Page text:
Don’t risk it for eggnog

How will your holidays look in the Pandemic

Alisa Prater, Staff Writer

You look down at you at your frothy mug warming your hands from its immense heat, The marshmallows bubble out your hot chocolate and Maria Crey’s All I Want for Christmas is You plays in the background, almost completely frowned out by the voices. Your family is crowded around the macbook trying to get in a “Hello” to Grandma from over ZOOM. This christmas, you see nothing but little pixelated squares of your favorite cousins and relatives because this year snow didn’t cancel your family’s holiday party, COVID did. 

How will we celebrate in a pandemic? Since the increased risk that COVID-19 has brought on the nation, the use of virtual meetings has spiked in popularity.  

“Virtual meetings allow people to share information, experiences, and data in real-time without the need for being physically located in the same room together” the Virtual Training Team, a team of educators based in the UK said.

Virtual gatherings eliminate the costly need for masks, social distancing, and other preventive methods according to experts.

 “Traditional Thanksgiving gatherings with family and friends are fun but can increase the chances of getting or spreading COVID-19,” the educators said. 

With siblings and extended family traveling home, safety concerns and risks will be increased. 

“The most socially responsible thing to do is to not throw any gathering, but it is hard letting go of yearly traditions and separating yourself from your relatives,” senior Bishesh Adhikari said. 

Traditional celebrations are being altered and families are opting out of the annual holiday parties. 

“As of right now, I don’t believe that I’ll be able to travel to Boston anytime soon to see my father’s side.”’ senior Jason Cox said.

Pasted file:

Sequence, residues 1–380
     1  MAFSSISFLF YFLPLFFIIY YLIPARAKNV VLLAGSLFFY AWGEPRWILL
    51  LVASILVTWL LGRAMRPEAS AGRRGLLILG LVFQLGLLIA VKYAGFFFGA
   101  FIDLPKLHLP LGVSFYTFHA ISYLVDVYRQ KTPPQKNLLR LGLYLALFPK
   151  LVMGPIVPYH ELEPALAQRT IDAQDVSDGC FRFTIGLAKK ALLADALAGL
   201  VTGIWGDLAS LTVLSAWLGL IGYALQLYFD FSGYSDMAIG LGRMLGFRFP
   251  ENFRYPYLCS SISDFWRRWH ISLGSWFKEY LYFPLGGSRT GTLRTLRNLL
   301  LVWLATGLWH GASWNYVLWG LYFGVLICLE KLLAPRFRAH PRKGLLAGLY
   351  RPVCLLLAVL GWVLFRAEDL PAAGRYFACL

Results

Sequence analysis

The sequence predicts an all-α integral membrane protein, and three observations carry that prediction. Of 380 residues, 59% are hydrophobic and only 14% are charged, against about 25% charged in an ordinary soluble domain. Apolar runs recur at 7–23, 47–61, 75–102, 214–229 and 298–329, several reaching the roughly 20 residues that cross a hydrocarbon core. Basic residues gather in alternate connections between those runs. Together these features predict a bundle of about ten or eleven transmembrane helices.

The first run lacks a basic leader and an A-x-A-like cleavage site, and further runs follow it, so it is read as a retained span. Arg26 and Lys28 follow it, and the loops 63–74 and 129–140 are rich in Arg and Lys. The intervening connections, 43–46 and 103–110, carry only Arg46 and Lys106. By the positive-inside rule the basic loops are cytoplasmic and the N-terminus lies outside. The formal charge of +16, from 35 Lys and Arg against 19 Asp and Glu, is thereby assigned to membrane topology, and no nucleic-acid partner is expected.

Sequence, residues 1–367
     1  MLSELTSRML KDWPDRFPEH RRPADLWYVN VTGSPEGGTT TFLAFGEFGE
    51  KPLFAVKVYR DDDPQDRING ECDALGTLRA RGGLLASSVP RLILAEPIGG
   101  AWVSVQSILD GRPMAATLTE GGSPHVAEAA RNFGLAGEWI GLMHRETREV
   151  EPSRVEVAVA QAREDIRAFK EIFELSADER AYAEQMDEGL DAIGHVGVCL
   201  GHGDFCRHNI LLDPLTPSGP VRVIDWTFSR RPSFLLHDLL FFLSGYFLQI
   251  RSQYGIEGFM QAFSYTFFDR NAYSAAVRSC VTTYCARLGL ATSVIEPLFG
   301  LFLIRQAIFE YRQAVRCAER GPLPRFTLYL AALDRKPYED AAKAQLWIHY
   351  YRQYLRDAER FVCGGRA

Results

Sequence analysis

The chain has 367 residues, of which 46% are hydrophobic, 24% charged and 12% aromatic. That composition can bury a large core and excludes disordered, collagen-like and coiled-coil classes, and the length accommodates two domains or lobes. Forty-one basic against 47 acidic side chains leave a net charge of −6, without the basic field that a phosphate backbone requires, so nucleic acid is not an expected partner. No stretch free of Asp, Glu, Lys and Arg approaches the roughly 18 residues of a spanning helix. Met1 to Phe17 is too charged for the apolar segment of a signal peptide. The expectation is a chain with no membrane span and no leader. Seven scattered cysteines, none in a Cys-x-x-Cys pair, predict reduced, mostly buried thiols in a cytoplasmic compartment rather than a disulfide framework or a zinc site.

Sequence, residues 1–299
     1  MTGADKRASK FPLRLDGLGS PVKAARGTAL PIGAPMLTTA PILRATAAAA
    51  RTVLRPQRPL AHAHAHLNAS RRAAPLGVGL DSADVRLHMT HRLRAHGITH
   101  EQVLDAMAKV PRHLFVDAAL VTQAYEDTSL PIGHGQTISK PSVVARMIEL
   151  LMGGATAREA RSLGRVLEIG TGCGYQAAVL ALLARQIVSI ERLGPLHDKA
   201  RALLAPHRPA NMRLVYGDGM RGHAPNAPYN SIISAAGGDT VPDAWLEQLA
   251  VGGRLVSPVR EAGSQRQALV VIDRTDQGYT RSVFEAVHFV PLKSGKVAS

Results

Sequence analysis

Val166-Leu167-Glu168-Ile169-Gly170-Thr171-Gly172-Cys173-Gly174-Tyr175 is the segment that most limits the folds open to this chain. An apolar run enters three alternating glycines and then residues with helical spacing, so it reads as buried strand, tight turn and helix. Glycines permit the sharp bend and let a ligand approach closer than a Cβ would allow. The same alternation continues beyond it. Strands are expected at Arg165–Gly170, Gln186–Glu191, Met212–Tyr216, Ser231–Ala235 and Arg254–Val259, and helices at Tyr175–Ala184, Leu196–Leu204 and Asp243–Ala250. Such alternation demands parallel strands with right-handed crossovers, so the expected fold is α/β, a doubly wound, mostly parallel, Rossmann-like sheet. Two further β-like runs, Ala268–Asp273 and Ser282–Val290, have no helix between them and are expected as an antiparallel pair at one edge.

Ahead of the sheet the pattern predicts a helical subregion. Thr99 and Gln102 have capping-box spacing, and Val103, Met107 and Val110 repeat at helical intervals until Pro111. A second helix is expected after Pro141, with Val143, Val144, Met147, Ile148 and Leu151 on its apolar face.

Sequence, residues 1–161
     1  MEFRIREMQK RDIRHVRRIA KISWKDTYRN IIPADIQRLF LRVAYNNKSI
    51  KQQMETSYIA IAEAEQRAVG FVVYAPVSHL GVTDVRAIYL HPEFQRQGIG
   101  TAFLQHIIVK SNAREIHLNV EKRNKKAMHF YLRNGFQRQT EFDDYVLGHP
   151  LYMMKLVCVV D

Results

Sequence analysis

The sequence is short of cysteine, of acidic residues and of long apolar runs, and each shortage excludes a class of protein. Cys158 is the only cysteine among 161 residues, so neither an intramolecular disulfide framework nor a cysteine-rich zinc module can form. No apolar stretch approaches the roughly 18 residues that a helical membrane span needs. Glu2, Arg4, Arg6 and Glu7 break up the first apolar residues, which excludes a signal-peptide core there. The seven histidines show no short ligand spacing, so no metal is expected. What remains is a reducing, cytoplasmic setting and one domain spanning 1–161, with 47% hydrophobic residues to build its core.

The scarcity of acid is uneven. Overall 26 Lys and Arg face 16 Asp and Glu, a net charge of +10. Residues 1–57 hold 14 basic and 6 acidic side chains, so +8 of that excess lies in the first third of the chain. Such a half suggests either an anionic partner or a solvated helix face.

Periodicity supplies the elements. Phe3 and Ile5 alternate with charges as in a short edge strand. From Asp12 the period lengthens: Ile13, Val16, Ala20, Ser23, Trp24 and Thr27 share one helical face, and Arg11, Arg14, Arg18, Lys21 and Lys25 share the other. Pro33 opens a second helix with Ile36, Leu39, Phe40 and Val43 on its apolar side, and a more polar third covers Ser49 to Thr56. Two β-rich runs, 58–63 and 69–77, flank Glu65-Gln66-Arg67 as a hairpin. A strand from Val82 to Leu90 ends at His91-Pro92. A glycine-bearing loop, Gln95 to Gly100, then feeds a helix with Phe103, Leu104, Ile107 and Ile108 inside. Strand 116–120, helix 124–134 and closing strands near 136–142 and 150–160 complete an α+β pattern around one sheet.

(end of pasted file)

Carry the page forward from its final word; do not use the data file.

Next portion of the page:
Many students feel a responsibility to wear a mask and protect themselves and fellow family members. 

“I’ll try to wear a mask, but, realistically, I’ll probably end up not wearing it and hope I won’t contract anything,”Adhikari said.

Thanksgiving celebrations are setting the precedent for how many winter holidays may proceed. Dinner parties are still very much an option for many families.

 “I’m hoping I can travel to my grandmothers as usual but if not then we’ll just cook here and wish everyone a Happy Thanksgiving from home,” Jason Cox said. 

Students are still looking forward to being safe and enjoying quality time with family, no matter how small parties may be. 

The family party aspect of many holidays is an undebatable tradition being upheld by many families this year. Although the pandemic is still very apparent and very present, holiday parties have the full potential to look very different considering current circumstances. Online meetings may replace those risky in-person parties and keep entire families safe.